Being an effective leader isn’t always about being a tough leader—there’s a distinction. What distinguishes an effective leader from a tough leader is knowing when to be tough, and when to be a kind ear, a sensitive ear, for the people who work with you. Doug Conant has been a high-ranking executive at multiple world-class global companies, and is the founder of Conant Leadership. Doug sits down with John Livesay to discuss what makes an effective leader, and how to bring out those qualities in every leader. Feel like you’ve hit a wall in terms of the way you’re leading people? Let Doug help you navigate through the process the best way you can.
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The Blueprint – Lift Your Leadership To New Heights With Doug Conant
Our guest is Doug Conant. He’s an internationally renowned business leader, the New York Times best-selling author, a keynote speaker, and a social media influencer with over 40 years of leadership experience at world-class global companies. For many years of his leadership journey, he’s honed his leadership craft at the most senior levels. First as President of Nabisco Food Company, then as CEO of Campbell Soup Company, and finally, as Chairman of Avon Products. In 2011, he founded ConantLeadership, a mission-driven community of leaders and learners who are championing leadership that works in the 21st century. Doug, welcome to the show.
It’s great to be here.
We have a lot of friends in common and share a publicist. You have this new wonderful book that I’m excited to have an early galley of called The Blueprint: 6 Practical Steps to Lift Your Leadership to New Heights. We’re going to do a deep dive, I’m sure people are going to want to get a copy of that. Before that, I would love to take us back to your own story of origin. Did you always know as a young person that you wanted to become a big leader in all these companies? You can go back as far as you want, childhood, high school or college, whatever you think that sparked the fire that became Doug Conant.
I grew up in a small town outside of Chicago, in the distant suburbs of Chicago. No, I did not have any grand plan. It turned out, I was an introverted kid. Surprisingly, I’m still a bit introverted. I took to the game of playing tennis where I could hit the ball against the wall by myself and not talk to anyone. I loved doing that for hours and hours. Ultimately, I became a good tennis player. I attended Northwestern University on a tennis scholarship that paid for my education. I stayed on to help coach at Northwestern and went straight through to graduate school. I got my MBA at Kellogg in 1975. I then went into the world of business.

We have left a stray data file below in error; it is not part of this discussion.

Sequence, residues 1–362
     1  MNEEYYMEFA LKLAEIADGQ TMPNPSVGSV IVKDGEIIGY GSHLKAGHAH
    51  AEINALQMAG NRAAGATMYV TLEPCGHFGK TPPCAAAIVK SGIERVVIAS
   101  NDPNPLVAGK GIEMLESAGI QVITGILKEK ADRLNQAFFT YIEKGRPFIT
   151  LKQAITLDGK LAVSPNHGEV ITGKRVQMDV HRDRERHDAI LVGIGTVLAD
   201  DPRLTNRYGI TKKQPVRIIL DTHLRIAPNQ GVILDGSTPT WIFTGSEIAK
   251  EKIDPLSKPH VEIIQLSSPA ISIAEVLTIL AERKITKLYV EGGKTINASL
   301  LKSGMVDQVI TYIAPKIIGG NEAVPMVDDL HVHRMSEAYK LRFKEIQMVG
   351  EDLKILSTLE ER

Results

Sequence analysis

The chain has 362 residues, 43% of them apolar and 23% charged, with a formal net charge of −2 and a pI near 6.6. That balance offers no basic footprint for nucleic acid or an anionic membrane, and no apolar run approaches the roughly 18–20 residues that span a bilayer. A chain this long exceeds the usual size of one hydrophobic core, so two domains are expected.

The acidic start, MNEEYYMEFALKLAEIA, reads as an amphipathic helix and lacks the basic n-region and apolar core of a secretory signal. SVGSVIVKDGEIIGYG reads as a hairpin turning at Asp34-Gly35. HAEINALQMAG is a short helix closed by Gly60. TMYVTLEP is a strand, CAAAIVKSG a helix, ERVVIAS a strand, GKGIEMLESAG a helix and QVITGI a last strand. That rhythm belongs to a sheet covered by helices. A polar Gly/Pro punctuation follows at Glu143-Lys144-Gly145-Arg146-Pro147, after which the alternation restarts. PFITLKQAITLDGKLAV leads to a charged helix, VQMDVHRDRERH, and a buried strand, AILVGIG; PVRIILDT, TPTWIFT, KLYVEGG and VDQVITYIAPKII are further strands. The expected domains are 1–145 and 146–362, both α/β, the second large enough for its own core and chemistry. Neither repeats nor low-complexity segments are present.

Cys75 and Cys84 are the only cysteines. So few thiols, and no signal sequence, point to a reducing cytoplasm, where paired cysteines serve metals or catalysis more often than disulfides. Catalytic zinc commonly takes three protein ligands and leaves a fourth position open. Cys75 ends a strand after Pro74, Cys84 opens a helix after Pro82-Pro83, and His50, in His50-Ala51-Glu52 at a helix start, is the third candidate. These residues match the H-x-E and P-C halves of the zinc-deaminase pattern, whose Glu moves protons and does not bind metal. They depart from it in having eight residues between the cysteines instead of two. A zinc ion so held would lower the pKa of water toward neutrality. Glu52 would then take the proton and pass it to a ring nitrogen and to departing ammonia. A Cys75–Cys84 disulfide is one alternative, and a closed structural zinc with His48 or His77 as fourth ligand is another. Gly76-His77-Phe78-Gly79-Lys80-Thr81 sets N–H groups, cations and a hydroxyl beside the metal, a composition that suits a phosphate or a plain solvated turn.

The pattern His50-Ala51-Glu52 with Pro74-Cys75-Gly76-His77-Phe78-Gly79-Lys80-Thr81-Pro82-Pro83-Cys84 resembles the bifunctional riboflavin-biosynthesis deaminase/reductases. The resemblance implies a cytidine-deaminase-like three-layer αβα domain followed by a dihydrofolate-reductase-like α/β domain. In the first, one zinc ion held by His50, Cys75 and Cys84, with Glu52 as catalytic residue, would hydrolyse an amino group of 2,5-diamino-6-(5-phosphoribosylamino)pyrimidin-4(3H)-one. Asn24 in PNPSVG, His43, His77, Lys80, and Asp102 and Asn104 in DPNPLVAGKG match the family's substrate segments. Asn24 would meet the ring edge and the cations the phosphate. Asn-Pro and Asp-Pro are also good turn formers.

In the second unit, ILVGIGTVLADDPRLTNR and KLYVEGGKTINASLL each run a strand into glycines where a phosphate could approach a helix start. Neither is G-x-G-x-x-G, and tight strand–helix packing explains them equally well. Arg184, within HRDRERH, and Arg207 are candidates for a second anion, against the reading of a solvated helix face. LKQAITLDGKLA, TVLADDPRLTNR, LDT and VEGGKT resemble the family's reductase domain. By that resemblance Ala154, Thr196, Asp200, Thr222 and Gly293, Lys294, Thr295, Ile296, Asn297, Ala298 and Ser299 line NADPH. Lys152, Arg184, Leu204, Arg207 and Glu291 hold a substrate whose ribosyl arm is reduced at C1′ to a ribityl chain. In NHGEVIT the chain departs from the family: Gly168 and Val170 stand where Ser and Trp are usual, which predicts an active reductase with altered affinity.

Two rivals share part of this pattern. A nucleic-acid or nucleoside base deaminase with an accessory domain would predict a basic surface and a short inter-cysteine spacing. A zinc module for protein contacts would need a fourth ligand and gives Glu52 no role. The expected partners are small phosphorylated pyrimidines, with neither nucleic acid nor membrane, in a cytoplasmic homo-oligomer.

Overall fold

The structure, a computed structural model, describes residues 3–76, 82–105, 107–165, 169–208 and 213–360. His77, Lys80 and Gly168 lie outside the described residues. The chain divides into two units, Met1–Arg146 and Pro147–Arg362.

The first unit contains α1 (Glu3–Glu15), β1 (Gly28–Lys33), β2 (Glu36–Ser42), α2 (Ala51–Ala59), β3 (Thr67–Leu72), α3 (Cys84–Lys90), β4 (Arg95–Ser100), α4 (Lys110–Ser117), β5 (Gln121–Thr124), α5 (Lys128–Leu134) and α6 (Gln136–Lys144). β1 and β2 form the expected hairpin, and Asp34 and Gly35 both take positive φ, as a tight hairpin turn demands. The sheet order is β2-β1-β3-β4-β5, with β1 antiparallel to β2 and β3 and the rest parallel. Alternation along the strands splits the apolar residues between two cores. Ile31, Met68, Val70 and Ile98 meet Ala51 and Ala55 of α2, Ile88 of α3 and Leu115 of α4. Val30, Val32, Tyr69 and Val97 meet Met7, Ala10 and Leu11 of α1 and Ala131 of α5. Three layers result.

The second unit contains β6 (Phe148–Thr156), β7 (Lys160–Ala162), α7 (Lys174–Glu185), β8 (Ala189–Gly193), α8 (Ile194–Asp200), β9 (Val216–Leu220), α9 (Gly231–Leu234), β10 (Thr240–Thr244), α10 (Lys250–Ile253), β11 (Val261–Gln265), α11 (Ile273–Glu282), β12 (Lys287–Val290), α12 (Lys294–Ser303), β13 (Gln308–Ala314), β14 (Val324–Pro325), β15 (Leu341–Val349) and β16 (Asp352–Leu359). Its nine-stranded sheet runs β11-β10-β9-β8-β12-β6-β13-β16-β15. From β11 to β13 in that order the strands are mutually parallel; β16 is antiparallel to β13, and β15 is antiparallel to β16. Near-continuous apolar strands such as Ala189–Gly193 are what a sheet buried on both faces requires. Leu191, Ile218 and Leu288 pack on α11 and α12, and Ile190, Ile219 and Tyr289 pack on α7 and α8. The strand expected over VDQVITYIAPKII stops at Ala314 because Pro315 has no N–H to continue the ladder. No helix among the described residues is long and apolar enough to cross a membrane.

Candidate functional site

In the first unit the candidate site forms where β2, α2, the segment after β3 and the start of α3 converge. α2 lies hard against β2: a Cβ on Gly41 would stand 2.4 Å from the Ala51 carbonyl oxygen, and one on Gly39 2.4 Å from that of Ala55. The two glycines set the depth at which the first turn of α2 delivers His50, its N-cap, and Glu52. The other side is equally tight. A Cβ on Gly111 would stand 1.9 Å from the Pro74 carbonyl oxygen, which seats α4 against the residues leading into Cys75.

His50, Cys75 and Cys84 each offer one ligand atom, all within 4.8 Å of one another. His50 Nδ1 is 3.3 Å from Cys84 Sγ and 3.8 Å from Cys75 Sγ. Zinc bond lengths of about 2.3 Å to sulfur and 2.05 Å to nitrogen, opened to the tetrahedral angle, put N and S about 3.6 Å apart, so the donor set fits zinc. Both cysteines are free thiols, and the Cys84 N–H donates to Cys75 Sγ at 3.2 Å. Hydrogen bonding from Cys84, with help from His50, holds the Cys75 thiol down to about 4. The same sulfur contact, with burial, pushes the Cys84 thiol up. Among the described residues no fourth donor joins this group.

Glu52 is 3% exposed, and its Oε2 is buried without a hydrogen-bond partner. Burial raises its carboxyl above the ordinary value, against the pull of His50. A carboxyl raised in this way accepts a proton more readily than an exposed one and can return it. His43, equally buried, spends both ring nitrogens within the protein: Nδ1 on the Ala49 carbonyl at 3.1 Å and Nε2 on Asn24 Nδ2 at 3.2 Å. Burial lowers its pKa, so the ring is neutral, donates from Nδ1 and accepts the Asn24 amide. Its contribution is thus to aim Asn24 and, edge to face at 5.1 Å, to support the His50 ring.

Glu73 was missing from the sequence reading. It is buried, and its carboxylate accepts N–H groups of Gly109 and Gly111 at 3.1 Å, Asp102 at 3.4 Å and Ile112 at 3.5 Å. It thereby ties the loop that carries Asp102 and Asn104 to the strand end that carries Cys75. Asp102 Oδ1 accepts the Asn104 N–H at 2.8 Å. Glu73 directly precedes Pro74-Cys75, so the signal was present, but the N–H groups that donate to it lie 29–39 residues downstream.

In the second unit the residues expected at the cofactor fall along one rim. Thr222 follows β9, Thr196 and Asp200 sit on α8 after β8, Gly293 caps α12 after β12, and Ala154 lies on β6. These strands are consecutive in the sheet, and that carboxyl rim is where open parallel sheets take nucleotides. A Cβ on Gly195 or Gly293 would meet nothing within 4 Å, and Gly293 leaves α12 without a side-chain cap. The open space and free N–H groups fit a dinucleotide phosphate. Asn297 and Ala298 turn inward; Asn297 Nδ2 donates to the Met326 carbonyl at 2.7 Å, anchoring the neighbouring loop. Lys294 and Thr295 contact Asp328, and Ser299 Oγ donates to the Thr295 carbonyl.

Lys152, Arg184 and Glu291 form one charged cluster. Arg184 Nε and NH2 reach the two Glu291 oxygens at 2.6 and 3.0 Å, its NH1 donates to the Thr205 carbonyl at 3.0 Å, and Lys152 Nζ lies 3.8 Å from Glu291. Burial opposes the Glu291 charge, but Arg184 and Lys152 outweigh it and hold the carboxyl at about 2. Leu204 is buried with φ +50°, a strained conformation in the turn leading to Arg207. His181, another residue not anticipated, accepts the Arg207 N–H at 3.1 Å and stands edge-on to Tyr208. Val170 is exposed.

A story about that, my advisor at the Kellogg’s school was the father of the marketing book of the twentieth century, Philip Kotler. He wrote Introduction to Marketing and he talked about the five Ps. He was the marketing godfather of a whole generation of leaders. I don’t know if you remember the scene from The Graduate with Dustin Hoffman, where he’s at a pool. He’s just graduated college and these older men are putting their arms around him and asking him what he’s going to do. This one fellow comes up, puts his arm around him and says, “I’ve got one word for you, plastics.” Dustin Hoffman looked at him rather quizzically and never went into the world of plastics. That scene always stuck with me.Get Rid Of Your Mask Click To Tweet
Not knowing which way was up in my life at the time, I’m with professor Kotler. He metaphorically puts his arm around me and says, “Doug, I have two words for you, brand management.” That was the hot button in the last quarter of the last century. I followed his advice and I went into brand management. I was recruited up to General Mills, which was one of the three companies that were leading the way in terms of the practice of brand management. It’s a marketing discipline. It’s a way of marketing your brand to consumers through the consumer’s eyes, not through the manufacturer’s eyes. I went and did that.
I had my first performance review there, five months into my job. My boss wrote up my evaluation and his boss had to write one line that said I read the report and signed it. My boss’s boss one line was, “You should be looking for another job,” and then he signed his name. Meanwhile, I had moved up to Minneapolis, Minnesota, where I did not know a soul, from Chicago. I’m thinking, “My life is exploding and I haven’t even started it yet.” I persevered through that and that was healthy for me because I had a challenge and I rose through the challenge.
I went through there and ultimately transferred out to Boston, which was another risky move. They were the world’s largest toy manufacturer at the time, General Mills, and they owned Parker Brothers. I went out to work for Parker Brothers Choice and Games. I had a great run for three years. They spun the company off, one day, I went into work, the receptionist said, “Doug, the senior vice president would like to see you.” I went up to his office and he said, “Doug, your position has been eliminated. You need to be out of here by noon today.” Nine years of my career with General Mills was over in a snap. I went home to my wife, my two small children, and my one large mortgage, feeling every bit of the victim. That was the illustrious start to my career. I’ve been told that I should look for another job, and ultimately I was being fired.